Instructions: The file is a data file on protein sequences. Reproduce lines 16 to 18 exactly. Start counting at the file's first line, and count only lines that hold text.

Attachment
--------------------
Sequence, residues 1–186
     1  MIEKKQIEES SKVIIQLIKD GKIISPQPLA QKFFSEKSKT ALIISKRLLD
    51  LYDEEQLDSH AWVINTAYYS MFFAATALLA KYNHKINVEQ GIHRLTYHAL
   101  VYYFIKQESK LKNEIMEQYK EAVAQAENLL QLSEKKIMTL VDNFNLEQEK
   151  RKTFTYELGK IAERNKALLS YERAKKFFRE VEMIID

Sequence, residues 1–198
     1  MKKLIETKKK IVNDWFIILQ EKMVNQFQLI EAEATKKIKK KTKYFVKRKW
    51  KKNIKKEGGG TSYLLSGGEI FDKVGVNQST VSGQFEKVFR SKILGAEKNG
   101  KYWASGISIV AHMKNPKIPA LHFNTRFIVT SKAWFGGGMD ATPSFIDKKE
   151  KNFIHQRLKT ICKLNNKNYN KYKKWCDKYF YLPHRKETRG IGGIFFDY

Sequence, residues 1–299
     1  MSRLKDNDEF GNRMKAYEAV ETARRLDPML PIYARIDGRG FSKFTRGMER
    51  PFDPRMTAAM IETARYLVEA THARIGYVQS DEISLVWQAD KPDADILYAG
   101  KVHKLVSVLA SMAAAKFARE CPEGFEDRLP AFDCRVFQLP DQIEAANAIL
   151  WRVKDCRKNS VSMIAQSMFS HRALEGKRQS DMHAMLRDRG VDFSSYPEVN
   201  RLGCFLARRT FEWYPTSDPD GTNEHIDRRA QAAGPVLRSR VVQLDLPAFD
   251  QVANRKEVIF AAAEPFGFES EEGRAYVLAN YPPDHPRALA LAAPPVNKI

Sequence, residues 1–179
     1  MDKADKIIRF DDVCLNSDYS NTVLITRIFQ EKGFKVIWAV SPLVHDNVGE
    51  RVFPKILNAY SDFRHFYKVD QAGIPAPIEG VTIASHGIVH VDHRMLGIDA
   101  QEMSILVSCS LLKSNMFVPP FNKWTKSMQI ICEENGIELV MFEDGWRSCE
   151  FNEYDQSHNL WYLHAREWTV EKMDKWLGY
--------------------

   201  RLGCFLARRT FEWYPTSDPD GTNEHIDRRA QAAGPVLRSR VVQLDLPAFD
   251  QVANRKEVIF AAAEPFGFES EEGRAYVLAN YPPDHPRALA LAAPPVNKI

Sequence, residues 1–179